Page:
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Further Father


G K Chesterbone, author, bon viveur and inventor of the "Chesterbone wave". The DBC television series takes little note of Chesterbone's original stories - a decision described by many critics as both "wise" and "merciful".

The Dorset Broadcasting Corporation [aka Downright Biased Corporation] has announced that filming has commenced on Series 94 of its ever popular daytime “detective” drama Father Brian. The series is loosely based on the character created in the 1920s and 1930s by local author GK Chesterbone and features the eponymous Roman Catholic priest cum investigator in a series of sleuthing escapades.


Described by Gilson Yesbek, Chief Daytime Drama Critic of the Sydling St Nicholas Sun as largely inconsequential, broadly implausible but nevertheless “charming” the series regularly attracts more than 250 chair-bound daytime viewers and is largely set and filmed near Dorset.* [*which is to say Gloucestershire [Ed]]


Actor Mark Boniams is the eponymous star of the DBC's long-running Father Brian series.

Filming had been interrupted for more than a year as cast and crew were first socially distanced, later self-isolated, still later quarantined and eventually placed under house arrest “for their own safety” as the drama-starved, housebound, importunate, unemployed bemused and otherwise social-services-supported population of several Dorset towns rose in increasingly animated protest urging the series' return to the screen. One dedicated viewer who had not left his sitting room since March 2016 was moved to crawl upstairs to place a banner in his front bedroom window bearing the somewhat enigmatic slogan “Bnrig Bak Farthr Biran”. He was later arrested by the RDC charged with “inciting violence at a time of medical emergency” but later released bending psychiatric, educational and social reports.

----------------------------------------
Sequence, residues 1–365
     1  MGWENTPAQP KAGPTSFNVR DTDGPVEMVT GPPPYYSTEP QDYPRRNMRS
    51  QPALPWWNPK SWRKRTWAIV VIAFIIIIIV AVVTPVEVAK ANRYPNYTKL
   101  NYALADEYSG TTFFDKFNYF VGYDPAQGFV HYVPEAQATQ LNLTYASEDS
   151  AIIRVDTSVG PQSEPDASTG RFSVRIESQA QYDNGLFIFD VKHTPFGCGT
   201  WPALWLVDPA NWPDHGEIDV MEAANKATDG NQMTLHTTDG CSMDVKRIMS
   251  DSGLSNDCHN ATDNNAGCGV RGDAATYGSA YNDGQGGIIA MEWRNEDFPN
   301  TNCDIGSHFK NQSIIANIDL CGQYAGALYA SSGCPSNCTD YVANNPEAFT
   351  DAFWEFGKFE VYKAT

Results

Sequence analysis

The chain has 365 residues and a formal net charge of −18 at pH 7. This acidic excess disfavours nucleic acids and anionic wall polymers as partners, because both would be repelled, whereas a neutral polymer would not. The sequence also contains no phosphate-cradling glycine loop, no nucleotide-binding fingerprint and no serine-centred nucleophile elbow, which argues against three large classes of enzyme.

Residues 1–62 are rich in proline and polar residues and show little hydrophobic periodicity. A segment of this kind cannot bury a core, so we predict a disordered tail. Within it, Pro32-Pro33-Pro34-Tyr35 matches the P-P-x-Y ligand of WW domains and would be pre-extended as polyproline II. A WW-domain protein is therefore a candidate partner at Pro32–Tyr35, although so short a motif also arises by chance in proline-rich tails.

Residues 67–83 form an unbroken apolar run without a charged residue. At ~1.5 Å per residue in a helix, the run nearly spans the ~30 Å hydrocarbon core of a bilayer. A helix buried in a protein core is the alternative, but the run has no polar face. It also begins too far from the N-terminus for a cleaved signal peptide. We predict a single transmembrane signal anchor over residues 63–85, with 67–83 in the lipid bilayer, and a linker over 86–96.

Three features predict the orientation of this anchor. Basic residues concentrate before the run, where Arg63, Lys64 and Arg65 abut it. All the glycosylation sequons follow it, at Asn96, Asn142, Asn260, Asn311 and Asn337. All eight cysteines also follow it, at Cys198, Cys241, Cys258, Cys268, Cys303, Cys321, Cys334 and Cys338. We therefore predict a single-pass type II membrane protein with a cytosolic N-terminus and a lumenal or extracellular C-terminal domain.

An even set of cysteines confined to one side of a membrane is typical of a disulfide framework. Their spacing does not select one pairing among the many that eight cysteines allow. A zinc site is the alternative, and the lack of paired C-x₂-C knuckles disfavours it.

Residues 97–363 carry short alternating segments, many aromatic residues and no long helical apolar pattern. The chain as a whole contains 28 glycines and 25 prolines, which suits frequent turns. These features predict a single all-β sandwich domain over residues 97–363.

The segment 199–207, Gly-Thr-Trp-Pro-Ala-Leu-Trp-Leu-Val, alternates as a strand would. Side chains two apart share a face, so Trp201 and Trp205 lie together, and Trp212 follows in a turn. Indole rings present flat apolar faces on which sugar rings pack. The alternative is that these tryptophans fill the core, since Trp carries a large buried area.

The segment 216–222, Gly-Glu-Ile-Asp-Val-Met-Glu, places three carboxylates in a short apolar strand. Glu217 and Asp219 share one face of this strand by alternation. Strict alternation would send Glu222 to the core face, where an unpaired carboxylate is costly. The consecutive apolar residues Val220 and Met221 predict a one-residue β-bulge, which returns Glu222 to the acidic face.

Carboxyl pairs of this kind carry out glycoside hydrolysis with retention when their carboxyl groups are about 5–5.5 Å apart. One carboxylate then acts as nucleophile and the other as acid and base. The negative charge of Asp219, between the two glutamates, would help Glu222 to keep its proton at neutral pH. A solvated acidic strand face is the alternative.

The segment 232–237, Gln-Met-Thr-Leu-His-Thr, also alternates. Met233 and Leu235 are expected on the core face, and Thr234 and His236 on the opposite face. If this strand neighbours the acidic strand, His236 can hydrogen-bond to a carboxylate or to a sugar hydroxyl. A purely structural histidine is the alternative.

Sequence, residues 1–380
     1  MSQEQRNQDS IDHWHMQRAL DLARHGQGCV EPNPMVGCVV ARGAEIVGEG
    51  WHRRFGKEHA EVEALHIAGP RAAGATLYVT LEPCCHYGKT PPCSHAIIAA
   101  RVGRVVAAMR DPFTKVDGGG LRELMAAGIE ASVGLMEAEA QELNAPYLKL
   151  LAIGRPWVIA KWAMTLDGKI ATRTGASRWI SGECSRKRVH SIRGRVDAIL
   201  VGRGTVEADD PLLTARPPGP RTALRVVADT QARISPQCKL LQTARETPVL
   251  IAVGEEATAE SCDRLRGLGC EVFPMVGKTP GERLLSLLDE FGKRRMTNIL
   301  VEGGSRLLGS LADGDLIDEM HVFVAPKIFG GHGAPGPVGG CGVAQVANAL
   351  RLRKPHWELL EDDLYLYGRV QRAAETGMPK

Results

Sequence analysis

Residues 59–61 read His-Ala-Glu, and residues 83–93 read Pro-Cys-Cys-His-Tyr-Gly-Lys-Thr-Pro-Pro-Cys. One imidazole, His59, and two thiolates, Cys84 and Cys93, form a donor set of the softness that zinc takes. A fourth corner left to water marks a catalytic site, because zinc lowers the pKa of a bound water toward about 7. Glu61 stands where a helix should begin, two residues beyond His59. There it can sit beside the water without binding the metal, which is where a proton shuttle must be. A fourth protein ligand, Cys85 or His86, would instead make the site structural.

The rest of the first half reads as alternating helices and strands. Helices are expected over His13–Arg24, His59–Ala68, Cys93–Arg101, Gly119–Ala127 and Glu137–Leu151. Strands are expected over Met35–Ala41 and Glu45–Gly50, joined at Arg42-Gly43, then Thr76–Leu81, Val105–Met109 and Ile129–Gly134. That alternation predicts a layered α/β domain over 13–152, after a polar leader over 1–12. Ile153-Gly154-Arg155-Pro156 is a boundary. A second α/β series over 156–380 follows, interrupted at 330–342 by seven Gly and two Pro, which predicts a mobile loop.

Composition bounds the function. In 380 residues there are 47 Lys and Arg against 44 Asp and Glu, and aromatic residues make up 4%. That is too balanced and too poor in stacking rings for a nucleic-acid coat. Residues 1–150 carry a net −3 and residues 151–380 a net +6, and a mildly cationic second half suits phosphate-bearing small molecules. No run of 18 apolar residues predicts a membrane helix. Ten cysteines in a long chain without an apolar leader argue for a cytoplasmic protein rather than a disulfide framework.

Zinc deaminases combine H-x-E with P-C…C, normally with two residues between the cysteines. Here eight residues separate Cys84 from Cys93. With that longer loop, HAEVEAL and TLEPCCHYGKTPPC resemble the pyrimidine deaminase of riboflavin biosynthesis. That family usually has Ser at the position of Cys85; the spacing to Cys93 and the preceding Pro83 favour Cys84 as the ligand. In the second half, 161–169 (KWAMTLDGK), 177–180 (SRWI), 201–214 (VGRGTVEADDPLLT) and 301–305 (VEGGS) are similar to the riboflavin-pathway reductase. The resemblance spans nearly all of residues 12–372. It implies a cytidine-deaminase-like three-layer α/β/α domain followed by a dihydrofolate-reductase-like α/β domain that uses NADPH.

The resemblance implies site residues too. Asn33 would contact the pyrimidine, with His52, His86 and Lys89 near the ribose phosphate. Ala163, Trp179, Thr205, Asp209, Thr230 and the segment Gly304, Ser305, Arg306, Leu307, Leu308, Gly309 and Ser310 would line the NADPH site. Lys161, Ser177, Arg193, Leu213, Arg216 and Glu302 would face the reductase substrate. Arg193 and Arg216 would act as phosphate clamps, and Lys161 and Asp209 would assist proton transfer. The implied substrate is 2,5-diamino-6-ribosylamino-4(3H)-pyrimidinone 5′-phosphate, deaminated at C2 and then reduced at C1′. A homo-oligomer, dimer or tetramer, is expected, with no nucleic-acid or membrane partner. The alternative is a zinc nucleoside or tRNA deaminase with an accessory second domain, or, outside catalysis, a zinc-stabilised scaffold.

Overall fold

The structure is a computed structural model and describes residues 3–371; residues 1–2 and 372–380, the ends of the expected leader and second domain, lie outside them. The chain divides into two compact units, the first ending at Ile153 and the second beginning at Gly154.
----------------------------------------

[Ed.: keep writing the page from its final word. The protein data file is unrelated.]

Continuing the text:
TOP: On set with the cast. BOTTOM A visit from Ms Sizemore is always an encouragement. Here she stands outside the fictional Church of St Olivier deBonas

Several viewers when told that filming had now recommenced refused to believe it, preferring to mourn the demise of Father Brian as yet another permanent casualty of the CONTRIK-69 pandemic rather than daring to hope for its return. An interpreter for one - a Ms Knotkwyte Althère of The Secure Hospital, Tarrant Rawston - went so far as to say that, since she had transferred her emotional dependency to rival drama Hollyhocks [“A Tale of Everyday Florestry”] on the understanding that it was about to add a new character, she wasn’t sure if she could even dare to hope that her would ever return. “It’s an emotional rollercoaster” she admitted, though not in so many words. Her verbaliser added on her behalf that Ms Althère did not always get the balance of her medication [or by the looks of it her TV viweing [Ed]] right and that she was, in fact, often subject to sudden changes of channel.


That production of Father Brian has recommenced cannot, however, be denied as several of the series’ main characters were spotted filming in an unidentified village in the Cotswolds. Even so, cast and crew remained uncharacteristically tight-lipped as all journalistic inquiries were firmly [and somewhat impolitely] rebuffed. Two mask-wearing extras masquerading as 1950s “bobbies on the beat” even refused to say what drama was being filmed though the presence of biretta-clad veteran actor Mark Boniams in conversation with two nuns was, says investigative reporter Eyatt Keywhole, “a bit of a giveaway”. Series 94 is expected to air in 2026 [further predictable winter lockdowns permitting].

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